Friday, October 17, 2008

BrightKite becomes useful

BrightKite's iPhone app now accesses the iPhone's GPS data. As you may remember, BrightKite was one of the early location-based services (LBS), but it didn't have an app for the iPhone launch or a way to extract GPS data. To update your location, you had to actually type the address. I quickly gave up on this. But the new app grabs the GPS data, which may give BrightKite a new lease on life as it competes with Loopt, Moximity, and other LBS.

Android's target

FastCompany repeats what many others have said: that Google's Android operating system is really targeting Windows Mobile, not Apple's iPhone. Well, sure.

On the other hand, initial reviews of T-Mobile's G1 have consistently said that it's a worthy competitor for the iPhone, although not as integrated or intuitive. This is terrible news for Apple, since Android is going to be deployed on several phones produced by several OEM's. If the very first one to be a worthy competitor, what happens when several OEMs compete with each other in refining the experience?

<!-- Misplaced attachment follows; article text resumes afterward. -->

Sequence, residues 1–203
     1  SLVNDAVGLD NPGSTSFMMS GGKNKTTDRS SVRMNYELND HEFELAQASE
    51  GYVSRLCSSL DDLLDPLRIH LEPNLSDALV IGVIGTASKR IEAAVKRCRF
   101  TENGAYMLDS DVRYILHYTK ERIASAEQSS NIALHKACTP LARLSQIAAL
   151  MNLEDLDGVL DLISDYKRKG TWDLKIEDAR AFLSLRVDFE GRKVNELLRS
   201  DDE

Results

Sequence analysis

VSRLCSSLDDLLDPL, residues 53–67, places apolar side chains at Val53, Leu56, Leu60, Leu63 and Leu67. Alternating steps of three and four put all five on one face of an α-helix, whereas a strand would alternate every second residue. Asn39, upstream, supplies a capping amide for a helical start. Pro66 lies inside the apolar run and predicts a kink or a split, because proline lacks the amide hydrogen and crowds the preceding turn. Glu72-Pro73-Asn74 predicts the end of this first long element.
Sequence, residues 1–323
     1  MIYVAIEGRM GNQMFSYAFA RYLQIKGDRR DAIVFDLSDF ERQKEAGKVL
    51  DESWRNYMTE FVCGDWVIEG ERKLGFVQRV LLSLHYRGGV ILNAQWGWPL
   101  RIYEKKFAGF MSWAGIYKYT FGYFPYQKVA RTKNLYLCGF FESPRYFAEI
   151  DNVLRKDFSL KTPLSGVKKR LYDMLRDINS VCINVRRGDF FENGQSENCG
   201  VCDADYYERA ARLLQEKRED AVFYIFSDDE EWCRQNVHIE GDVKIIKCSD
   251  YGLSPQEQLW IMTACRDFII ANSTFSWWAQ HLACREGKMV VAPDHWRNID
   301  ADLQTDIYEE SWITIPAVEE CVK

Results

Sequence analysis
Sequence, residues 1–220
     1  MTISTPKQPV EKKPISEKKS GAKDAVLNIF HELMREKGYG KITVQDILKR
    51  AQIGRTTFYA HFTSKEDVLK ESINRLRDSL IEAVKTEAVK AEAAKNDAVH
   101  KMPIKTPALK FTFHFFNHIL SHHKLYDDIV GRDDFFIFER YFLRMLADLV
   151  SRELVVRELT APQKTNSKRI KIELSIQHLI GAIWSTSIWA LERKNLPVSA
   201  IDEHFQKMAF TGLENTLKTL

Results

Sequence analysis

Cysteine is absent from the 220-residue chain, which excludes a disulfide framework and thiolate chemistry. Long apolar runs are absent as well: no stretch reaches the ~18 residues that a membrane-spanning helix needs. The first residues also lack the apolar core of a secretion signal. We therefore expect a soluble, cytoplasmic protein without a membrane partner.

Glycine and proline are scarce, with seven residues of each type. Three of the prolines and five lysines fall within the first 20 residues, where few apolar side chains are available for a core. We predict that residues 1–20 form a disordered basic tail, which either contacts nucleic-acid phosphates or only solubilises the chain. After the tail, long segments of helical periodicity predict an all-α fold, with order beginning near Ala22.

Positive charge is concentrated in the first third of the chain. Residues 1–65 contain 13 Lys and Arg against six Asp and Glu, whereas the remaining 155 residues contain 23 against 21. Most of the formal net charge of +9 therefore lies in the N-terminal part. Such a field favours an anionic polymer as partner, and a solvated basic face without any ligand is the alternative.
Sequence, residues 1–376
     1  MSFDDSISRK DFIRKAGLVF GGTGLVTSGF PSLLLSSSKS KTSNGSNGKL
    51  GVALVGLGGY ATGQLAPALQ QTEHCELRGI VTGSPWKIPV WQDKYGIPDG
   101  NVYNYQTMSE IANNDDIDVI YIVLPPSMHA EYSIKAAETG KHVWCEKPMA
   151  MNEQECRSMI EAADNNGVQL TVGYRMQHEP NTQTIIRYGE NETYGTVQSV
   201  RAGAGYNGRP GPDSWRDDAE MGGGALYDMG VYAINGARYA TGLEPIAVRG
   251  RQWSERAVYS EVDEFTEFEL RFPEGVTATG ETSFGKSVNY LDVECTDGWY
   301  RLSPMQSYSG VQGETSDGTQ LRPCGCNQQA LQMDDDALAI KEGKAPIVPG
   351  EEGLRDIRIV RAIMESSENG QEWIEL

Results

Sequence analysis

Monday, October 13, 2008

Going laptop-less

Abilene Christian has started a new program in which every student is given either an iPhone or an iPod Touch. (Those with iPhones have to foot the bill for their own service plans.) ACU supplies custom web apps that can be used with these handheld devices. Students can access campus maps and data in the cloud as well as class schedules, calendars, and so forth. They're a lot cheaper than laptops, and battery life is better (once you turn off 3G and rely on the campus wifi).

Obviously mobile devices are not substitutes for laptops or desktops ... yet.

Going paperless

Peter Merholz justly claims, "I called it!" The paperless office is back.

Let me take the occasion to make my own call. Unless the current economic straits are disastrous, we'll see an acceleration of this trend, with paper -- like email -- becoming primarily a way for younger workers to accommodate older ones. Of course, the worse the economy gets, the more older workers will delay retirement and the more paper will be used for routine communication.